When we choose to garden, we are usually thinking about the joy of working outside, the pride of growing our very own food and flowers, and the delicious reward of fresh fruits and vegetables picked and eaten the same day. There is really nothing like it!
What most of us gardeners don’t consider is that our gardening efforts can help our environment too! Done right, an eco-friendly garden can go a long way to reducing your environmental footprint. As you may have noticed, there is a greater push towards making your home (including your garden) more energy efficient. Millennials especially are heavily focused on green initiatives. If you are looking to make your life greener, here are seven tips for creating a garden that rewards your home, kitchen, and our planet!
Start with Planting Trees
Often overlooked as a viable option to incorporate in your garden, planting trees creates natural wildlife habitat, helps keep our air clean, and provides shade and wind protection (reducing heating and cooling costs). In addition, when birds live nearby, they can be helpful by eating harmful garden pests. Planting fruits trees can also add more variety to your harvest!
Prepping your garden for a bounty of produce can start long before you begin planting by starting a compost pile. Compost creates nutrient-rich soil and keeps food and other natural waste from going to a landfill. Just make sure that the waste you add to your garden is organic and will safely decompose. Never add any meat or dairy to your compost pile. Stick to things like coffee grounds, eggshells, leaves, grass clippings (as long as they are chemical free) and left-over fruit and vegetable waste.
Plan Your Yard with Mother Nature in Mind
Work hard to keep your grassy areas small.Use rock gardens, native shrubs, and ornamental grasses such as bamboo to limit both your use of water and your need for mowing (which usually takes either gas or electricity to power). Also, plan the space for your vegetable garden where the ground is flat so water doesn’t drain away before it can be absorbed. Finally, plant any heavily sloped areas with natural grasses so that their roots can prevent soil erosion year around.
Limit Your Water Usage
When it comes to watering your eco-garden, nothing defeats efforts to be environmentally friendly like wasting water. To avoid wasting water where possible, use a drip line or soaker hose that delivers water directly to the roots instead of spraying it in the air where much of it evaporates. Water early in the morning before the sun rises so the water soaks deep into the ground. If your water is on a timer make sure to shut it off on rainy days. Finally, set out buckets to gather rainwater that you can use on sunny days.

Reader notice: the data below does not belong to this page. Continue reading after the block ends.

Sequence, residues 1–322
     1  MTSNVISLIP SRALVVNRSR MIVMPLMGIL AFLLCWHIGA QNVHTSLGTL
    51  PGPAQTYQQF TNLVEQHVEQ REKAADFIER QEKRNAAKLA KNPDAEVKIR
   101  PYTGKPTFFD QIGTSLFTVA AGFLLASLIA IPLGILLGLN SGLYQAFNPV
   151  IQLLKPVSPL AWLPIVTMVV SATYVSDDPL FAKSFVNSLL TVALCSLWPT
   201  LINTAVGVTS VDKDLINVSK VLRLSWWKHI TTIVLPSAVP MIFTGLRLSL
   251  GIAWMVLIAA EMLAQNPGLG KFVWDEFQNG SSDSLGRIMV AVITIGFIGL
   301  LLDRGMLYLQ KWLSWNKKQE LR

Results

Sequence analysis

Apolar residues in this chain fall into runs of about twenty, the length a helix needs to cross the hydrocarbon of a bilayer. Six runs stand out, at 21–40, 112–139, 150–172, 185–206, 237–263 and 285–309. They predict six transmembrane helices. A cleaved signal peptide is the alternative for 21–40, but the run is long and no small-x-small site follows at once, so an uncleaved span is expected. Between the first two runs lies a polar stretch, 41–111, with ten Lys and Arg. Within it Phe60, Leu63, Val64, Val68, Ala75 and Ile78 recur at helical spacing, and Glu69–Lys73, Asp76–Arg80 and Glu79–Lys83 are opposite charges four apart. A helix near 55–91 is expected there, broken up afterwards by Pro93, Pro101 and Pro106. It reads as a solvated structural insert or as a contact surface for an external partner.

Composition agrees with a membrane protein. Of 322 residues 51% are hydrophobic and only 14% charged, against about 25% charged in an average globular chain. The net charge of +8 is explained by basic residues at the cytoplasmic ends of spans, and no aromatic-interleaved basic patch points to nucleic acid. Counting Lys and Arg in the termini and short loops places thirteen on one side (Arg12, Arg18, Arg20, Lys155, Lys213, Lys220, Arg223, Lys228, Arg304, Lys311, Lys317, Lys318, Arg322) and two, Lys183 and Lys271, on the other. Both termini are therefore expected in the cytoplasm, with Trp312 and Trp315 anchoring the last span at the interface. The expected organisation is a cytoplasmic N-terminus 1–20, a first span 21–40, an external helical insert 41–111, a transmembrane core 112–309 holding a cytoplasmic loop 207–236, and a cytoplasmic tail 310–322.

Choose Native Plants
Native plants are so important because they not only thrive, they do so with little effort, less water, and few to no pesticides or fertilizers. They save you time, effort, and money! Plus they are much better for the environment and the local ecosystem.
Use Green Equipment and Tools
Much like inefficient watering systems, gas powered tools quickly negate your green gardening efforts. Try using a push mower. If that isn’t practical, choose an electric mower over a gas-powered mower. The same goes for other power tools like tillers. Finally, spend the extra money to buy high-quality shovels and hand tools so that you can use them for decades rather than having to purchase new every year. This helps reduce waste and manufacturing emissions.
Choose and Use Pesticides Carefully
Controlling pests can be one of gardening’s biggest challenges. The problem with most synthetic pesticides is that they kill all the good bugs along with the bad. A healthy flourishing garden needs bees, ladybugs, earthworms, and many other little helpers. If you need a pesticide, look for brands that focus specifically on the pest you have and that degrade quickly. Finally, provide habitat for helpful birds and bats that eat the pesky little insects you’re looking to get rid of.
There are few things on the earth that are as rewarding as growing your own garden. Making sure that your garden is doing more good than harm is well worth the extra effort in planning. Once your eco-garden is established, many of these tips will save you money, time, and effort. Not to mention the pride you get from knowing you are taking care of the planet that takes care of us!